|Lesley A. Diehl|
I’ve been writing and publishing for about ten years. Lately I’ve found that my writing has changed in ways that I don’t think readers would be aware of, but I am. I’ve said that I’m “mining my family” for my ideas and my characters, but it’s more than that. My work is coming from a place closer to my center.
The first advice I ever received when I began writing fiction was to write what I know. Since I was a retired psychologist, it seemed clear that meant I should use my career as the basis for my work. The first manuscript I wrote featured a professor of psychology as an amateur sleuth. She was, as you would imagine, me in a younger, feistier, more in-your-face persona. Not a bad character, but the manuscript was originally well over one hundred thousand words. You guessed it. I didn’t know how to write fiction. The work got no interest from agents and editors. They were wise not to want to bore their readers.
So what else did I know? Early in my career I ran a part-time private practice, so I had some clinical experience and an interest in multiple personality or dissociative identity disorder. I constructed a story about a multiple, the dominant personality written in first person, the alternates in third person. That’s not an uncommon approach now, but at that time, although some agents thought it was an enticing idea, I was a newbie with no fiction writing credentials. And I made the story humorous which horrified some agents. And that one went nowhere also.
I decided I had run out of what I knew, so I carefully researched a protagonist for the first book a small publishing house bought. The research was fun because my protagonist was a microbrewer. Now I knew nothing about craft brewing, but I learned fast by touring small breweries in New York and Florida and picked brewers’ minds and sampled their products.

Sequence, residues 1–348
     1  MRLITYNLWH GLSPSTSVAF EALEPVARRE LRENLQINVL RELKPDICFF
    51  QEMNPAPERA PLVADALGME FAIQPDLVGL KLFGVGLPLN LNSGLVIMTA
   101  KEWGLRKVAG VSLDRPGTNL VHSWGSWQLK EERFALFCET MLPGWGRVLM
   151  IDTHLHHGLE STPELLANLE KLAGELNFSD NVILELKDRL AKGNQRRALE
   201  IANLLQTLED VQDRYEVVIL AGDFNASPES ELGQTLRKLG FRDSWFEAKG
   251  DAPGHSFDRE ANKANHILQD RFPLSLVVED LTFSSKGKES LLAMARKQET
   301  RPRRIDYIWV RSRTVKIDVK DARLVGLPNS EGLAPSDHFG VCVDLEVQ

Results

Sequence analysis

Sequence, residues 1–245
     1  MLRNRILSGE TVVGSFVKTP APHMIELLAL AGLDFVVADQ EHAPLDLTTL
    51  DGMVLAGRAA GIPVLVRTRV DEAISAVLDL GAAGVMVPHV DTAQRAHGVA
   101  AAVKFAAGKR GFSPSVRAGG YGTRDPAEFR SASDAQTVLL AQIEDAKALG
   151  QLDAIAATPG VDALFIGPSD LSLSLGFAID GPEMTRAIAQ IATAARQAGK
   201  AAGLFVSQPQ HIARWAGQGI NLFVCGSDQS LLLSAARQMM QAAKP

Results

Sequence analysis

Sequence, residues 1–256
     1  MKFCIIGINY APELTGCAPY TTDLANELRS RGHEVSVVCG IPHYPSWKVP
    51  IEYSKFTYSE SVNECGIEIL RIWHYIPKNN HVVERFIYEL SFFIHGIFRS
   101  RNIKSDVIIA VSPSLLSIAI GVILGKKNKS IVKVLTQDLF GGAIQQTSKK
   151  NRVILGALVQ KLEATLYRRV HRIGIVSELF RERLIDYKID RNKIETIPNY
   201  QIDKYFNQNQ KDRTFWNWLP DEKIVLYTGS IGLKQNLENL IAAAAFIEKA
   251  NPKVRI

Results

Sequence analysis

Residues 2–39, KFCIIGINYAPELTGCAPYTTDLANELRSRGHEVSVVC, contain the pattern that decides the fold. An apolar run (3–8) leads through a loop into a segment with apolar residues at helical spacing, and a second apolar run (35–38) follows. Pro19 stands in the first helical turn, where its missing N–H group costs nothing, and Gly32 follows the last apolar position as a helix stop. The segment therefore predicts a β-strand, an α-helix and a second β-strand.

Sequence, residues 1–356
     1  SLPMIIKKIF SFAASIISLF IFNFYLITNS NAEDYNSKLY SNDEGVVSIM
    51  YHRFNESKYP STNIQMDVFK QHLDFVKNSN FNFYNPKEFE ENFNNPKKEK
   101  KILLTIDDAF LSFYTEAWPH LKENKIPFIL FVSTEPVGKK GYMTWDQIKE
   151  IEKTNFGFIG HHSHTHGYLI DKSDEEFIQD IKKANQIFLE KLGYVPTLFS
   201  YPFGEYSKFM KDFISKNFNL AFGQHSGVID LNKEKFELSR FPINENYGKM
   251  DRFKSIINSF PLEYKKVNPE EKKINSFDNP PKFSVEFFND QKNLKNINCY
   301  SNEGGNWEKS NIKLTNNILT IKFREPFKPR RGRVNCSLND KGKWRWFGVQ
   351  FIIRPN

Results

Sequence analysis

I seemed to find my humorous voice in a series set in rural Florida, a story about a retired preschool teacher turned bartender who was a winter visitor to Florida. Emily Rhodes found the fields of cattle, the lakes, swamps and the honest nature of the people to her liking, and she adopted rural Florida as her home much as I had. I loved it so much that I set another series there with a protagonist who owned a consignment shop and who loved secondhand merchandise. So do I. Where did that come from? My paternal grandmother liked to reuse things even her daughter’s clothes which were sizes too big for her, but she adjusted them with scotch tape, safety pins, staples and some basting thread. She taught me at a young age about repurposing, reusing, reclaiming and rehabbing everything from clothes to furniture. Suddenly, writing my Eve Appel consignment shop owner protagonist seemed like I was coming home. At the same time I wrote several Thanksgiving short stories about a red-haired aunt of Amazonian proportions and a couple of quirky grandmothers as the major characters. They really were my family, albeit a bit exaggerated. Recently I learned that the fourth story featuring my “Aunt Nozzie” will be published in yet another Thanksgiving anthology.
The writing process felt different because it seemed to come from deep inside me where all my childhood memories of family resided. These bits and pieces of my life seemed to be aching to become a story.
Not all childhood remembrances are happy ones. In my case the joyful times find their way into funny stories. Others are percolating around in my psyche waiting for a darker vehicle for expression. Perhaps I’m finding yet another writing voice, one of dark humor and noir atmosphere. Regardless, as a writer I think I’m writing nearer to what is important to me—family. It’s always found its way into my work, but now it feels more genuinely mine.
I wonder how your writing has evolved. Is my journey similar to yours?